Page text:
I Wanna Be Literated #247

I Wanna Be Literated #247

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Tuesday, 25 January 2022
BOOKS

The Theory of Everything
The Origin and Fate of the Universe
by Stephen Hawking

It’s probably a good idea if we collectively started consuming a little less fiction and read more non-fiction, particularly stuff that challenged and helps us understand the world around us, right? Someone on my block didn’t think so and put this book in a “Free” box on their stoop and I couldn’t help but give it a good home. What I like to think is that the contents of this book were too basic and this person felt it best to just discard it and move on to something more complex.

I was a little hesitant reading this book because I had realized years ago that maybe print media wasn’t the best format to understand such complex ideas. A TV show or movie where you could see diagrams, animated sequences and the moving parts is a far better medium. At least if you want to facilitate the dissipation of knowledge. I actually watched the documentary A Brief History of Time as a primer for the ideas here. It helped. At least, I think it helped. I’m not sure.

The Theory of Everything is comprised of a series of lectures Hawking gave on the origin of the universe and theories on where it is going. It’s also a biography of sorts and a discussion of his contributions to our understanding of the universe, like black holes. It’s written in mostly plain English and the first few chapters on the Ideas of the Universe and Expanding Universe are fairly straightforward but soon afterwards the book starts going over the reader’s head. This is mostly because Hawking starts his chapters with a “simple” idea that anyone not familiar with quantum physics would need time to grasp and starts applying them to wild and complex situations, like explaining black holes, how we would perceive what’s going on inside it, how its event horizon would look, then what would happen if two black holes collided. Frustratingly, there are zero pictures or diagrams here which would have facilitated our understanding of what Hawking is trying to say. Also, Hawking doesn’t really walk us through the basic science that we need to know to understand how these theories are being applied or how they work. And of course, a lot of this book discusses math but doesn’t show us any of it (would we want it to?), so we have to take him at his word that we live in a world that has countless tiny universes embedded into it.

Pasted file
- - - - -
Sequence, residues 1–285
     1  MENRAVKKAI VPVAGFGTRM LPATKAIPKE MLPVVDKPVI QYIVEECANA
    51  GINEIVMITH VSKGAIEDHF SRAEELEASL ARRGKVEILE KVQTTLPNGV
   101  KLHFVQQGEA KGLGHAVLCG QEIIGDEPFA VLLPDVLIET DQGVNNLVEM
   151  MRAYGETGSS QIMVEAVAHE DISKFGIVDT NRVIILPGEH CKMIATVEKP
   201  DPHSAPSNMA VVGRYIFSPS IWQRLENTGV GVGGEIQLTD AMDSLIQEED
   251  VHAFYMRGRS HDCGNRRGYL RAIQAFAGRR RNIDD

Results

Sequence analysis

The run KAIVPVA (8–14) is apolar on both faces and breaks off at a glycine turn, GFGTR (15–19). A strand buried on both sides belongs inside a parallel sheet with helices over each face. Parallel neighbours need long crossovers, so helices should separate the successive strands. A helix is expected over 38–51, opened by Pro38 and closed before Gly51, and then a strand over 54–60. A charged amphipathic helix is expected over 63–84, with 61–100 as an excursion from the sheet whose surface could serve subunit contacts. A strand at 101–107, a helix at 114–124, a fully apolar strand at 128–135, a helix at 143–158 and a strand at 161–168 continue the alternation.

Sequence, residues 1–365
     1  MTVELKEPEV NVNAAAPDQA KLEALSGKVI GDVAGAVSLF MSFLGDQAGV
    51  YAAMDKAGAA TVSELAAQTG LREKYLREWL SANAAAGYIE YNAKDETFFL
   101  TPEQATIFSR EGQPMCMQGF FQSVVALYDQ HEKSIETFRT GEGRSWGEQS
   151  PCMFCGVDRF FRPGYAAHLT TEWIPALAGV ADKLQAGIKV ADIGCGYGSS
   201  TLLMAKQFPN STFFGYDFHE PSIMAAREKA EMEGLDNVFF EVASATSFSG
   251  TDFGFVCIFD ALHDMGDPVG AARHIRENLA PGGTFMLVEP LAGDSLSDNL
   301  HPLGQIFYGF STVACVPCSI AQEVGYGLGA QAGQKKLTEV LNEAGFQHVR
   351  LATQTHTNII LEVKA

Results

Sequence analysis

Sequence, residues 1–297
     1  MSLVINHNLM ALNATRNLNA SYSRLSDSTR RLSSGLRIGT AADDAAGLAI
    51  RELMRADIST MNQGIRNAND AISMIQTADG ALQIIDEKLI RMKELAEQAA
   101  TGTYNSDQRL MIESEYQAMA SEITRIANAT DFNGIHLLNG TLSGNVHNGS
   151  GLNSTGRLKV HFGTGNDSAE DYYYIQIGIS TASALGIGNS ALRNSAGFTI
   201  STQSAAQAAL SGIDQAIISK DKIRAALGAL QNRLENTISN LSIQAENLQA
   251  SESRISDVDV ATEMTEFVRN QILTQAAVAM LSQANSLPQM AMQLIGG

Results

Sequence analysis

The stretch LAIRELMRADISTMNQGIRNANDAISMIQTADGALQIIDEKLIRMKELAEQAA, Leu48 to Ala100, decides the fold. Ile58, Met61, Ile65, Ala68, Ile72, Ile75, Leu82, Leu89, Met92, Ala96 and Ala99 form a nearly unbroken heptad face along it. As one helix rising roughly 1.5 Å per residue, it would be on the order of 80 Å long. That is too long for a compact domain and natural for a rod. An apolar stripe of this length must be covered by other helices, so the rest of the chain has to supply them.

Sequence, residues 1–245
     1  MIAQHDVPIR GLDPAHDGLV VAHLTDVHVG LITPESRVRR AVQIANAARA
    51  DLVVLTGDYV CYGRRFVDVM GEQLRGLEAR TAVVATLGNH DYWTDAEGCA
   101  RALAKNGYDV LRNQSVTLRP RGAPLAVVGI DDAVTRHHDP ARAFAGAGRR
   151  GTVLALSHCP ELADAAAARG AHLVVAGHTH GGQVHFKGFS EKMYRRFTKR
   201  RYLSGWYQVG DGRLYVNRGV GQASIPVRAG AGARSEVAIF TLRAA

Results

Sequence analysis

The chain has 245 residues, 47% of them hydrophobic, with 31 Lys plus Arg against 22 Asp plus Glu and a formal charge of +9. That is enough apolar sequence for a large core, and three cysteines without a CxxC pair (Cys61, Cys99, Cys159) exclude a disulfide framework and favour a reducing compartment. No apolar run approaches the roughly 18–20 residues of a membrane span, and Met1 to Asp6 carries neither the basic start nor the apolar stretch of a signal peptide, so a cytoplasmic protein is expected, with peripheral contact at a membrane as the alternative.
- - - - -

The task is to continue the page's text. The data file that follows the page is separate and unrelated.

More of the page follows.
There are ideas scattered throughout this book that are astounding and give the reader a lot to think about, and those moments are valuable in a world that’s constantly trying to make us dumber, but as a whole, I think the big picture Hawking is trying to discuss will go over most of our heads.

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